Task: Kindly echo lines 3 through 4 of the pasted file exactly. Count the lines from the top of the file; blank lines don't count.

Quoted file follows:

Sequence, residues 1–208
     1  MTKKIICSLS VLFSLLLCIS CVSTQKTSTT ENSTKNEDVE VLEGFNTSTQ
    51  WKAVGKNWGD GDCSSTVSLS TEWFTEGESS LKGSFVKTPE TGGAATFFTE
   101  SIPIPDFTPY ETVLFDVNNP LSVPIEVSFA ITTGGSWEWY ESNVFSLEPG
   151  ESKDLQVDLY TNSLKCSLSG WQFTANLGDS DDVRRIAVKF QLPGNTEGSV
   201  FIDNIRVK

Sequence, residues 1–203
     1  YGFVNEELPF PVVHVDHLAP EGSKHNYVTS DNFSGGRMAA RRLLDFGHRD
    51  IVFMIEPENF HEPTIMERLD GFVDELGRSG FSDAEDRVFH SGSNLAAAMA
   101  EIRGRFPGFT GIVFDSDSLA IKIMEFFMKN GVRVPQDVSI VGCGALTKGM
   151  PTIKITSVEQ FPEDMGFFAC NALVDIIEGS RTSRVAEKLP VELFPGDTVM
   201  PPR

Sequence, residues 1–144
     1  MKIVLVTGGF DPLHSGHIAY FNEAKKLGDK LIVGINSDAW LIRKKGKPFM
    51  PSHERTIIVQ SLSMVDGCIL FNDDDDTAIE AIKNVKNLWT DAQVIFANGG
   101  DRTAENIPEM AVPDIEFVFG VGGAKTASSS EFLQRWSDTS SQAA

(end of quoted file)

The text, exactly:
    51  WKAVGKNWGD GDCSSTVSLS TEWFTEGESS LKGSFVKTPE TGGAATFFTE
   101  SIPIPDFTPY ETVLFDVNNP LSVPIEVSFA ITTGGSWEWY ESNVFSLEPG